As a diver, it's important to understand the law if you are planning on diving a protected wreck. Wrecks are protected by two main groups: the heritage agencies such as Historic England, Historic Scotland, CADW (Wales) and Northern Ireland for historic wrecks and the Ministry of Defence (MOD) for vessels lost in military service.
The heritage agencies have their own national legislation and maintain their own list of protected wreck sites, following devolution, though many of the wrecks were originally protected under the Protection of Wrecks Act 1973.
Diving protected wreck sites
Vessels lost in military service
The Ministry of Defence (MOD) legislates through the Protection of Military Remains Act 1986 and covers any vessels lost in military service that it feels needs protection. The MOD has a list of all wrecks protected under the Protection of Military Remains Act 1986 which can be found at legislation.gov.uk.
The Protection of Military Remains Act 1986 covers the whole of the UK and vessels engaged in military service worldwide. It covers all protected vessels lost on military service wherever they are in the world. The protection in foreign waters only applies to British Nationals or British flagged vessels. In the UK it applies to everyone.
The wrecks can be protected either as Protected Places or Controlled sites.
These vessels do not have any position given. This is because the vessel, wherever she may be, is a Protected Place. It is only vessels that are designated as Controlled Sites that have their charted position identified. Protected places may be dived without permission, but divers may not enter the vessel or take anything from it.
Controlled sites have a charted position, so will have a Lat/long reference. These vessels may not be dived under any circumstances without the permission of the MOD, a permission that is rarely granted.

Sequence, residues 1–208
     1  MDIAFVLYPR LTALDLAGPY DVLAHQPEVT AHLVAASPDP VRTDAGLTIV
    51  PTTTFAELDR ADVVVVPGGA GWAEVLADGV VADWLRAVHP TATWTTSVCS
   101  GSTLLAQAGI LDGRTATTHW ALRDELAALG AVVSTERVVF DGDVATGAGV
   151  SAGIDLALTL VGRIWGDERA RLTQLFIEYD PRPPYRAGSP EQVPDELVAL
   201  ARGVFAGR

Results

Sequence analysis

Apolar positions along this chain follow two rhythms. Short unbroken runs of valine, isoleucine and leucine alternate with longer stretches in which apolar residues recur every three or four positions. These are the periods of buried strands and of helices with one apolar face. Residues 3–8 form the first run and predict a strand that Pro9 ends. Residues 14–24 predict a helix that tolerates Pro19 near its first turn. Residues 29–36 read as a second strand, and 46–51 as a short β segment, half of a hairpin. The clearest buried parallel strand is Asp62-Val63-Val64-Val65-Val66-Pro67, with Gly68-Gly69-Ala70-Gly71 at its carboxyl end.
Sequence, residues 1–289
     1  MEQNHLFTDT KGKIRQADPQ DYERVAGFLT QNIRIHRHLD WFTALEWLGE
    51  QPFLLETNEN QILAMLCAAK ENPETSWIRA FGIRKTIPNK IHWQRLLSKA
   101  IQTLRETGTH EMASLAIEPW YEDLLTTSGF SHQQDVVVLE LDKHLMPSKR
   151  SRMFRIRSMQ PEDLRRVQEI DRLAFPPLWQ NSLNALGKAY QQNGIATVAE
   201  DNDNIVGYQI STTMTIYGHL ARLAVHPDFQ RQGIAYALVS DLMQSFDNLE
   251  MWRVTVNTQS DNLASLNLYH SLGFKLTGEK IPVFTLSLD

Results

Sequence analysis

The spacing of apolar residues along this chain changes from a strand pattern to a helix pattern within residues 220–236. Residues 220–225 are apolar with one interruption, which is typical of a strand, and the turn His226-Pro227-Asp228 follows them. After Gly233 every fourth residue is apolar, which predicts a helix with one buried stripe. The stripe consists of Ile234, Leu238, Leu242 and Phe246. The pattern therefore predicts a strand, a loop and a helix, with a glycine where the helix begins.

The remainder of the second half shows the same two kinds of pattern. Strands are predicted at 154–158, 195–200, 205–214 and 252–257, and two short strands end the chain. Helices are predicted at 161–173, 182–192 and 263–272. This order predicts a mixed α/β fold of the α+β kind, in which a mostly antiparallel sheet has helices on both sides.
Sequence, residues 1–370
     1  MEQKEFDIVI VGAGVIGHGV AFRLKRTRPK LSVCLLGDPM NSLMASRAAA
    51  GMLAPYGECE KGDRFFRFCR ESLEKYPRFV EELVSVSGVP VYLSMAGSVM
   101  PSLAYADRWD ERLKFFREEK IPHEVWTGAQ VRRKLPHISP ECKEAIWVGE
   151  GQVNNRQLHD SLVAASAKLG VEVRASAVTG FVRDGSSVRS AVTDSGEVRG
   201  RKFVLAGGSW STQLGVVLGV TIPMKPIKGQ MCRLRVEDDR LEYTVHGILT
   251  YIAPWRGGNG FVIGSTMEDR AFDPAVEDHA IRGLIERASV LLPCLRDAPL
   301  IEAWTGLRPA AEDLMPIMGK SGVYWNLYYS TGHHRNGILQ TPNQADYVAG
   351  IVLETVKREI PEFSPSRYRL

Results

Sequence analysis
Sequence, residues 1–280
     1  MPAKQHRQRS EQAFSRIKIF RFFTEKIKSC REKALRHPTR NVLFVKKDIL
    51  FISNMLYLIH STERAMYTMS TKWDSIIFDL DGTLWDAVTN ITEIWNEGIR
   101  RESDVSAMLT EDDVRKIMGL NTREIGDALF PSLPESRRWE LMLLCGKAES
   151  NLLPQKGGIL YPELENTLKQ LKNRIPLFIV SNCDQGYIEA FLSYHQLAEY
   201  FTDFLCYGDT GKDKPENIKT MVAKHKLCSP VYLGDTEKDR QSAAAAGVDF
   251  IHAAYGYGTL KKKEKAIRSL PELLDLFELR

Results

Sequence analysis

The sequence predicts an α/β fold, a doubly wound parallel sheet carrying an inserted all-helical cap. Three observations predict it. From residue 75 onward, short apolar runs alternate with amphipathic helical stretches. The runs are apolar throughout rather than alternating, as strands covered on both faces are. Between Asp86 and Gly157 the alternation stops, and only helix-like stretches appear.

Historic wrecks are either protected or scheduled. The words are important. Protected means you need a licence to dive them-either as part of a team or a diver trail.
Scheduled means it is a scheduled ancient monument. This used to be just for sites on land, like castles, but now wrecks are also scheduled - a new way of giving them protection against interference. If you dive a scheduled wreck you can dive it freely, without interference. If you want to do things like survey you will need to talk to the maritime team at Historic England and get permission.
The other lists of protected wrecks are usually used to protect historic wrecks and are administered by their devolved governments:
Scheduled sites in England - these sites can be visited but are protected from interference, such as the removal of objects:
29 Josephine Willis (near Folkestone, not shown)
Protected wreck sites in England - divers require a licence to visit these sites:
Maps by kind permission of Historic England
It is best to check each country’s websites if you aren’t sure about their protected wrecks. Most are protected because they are historically important but two are protected because they are dangerous:
- SS Castilian
- SS Richard Montgomery - this wreck has enough explosives in her to take out a substantial part of the Thames Estuary
Wrecks protected in English waters can be found if you search for List of Designations under the Protection of Wrecks Act 1973. Because each of the UK countries has a different list of the wrecks that they protect, and a different licensing requirement you should check the up to date lists on their websites.
Currently, Historic England is running special licensing arrangements for some historic wreck diver trails, for example, the diver trail off Lundy and also the Coronation site in Plymouth.
Protected wrecks and the law
Around the coast of the UK there are over 200 wreck sites designated as protected wrecks by legislation:
- Protection of Wrecks Act 1973
- Protection of Military Remains Act 1986
- Ancient Monuments & Archaeological Areas Act 1979
- Historic Marine Protected Areas (Scotland).
Find out more about protected wrecks and the law.
Find out more on gov.uk about:
- the process of reporting a wreck
- responsibilities of the Receiver of Wreck
- Contact the Receiver of Wreck and other useful contacts
- the law relating to wreck
Divers must report any material recovered from wrecks recovered anywhere in the United Kingdom, or brought into the United Kingdom from anywhere in the world to the Receiver of Wreck, preferably within two weeks of recovery or bringing it into the UK. It is a simple process and will make sure you are on the right side of the law.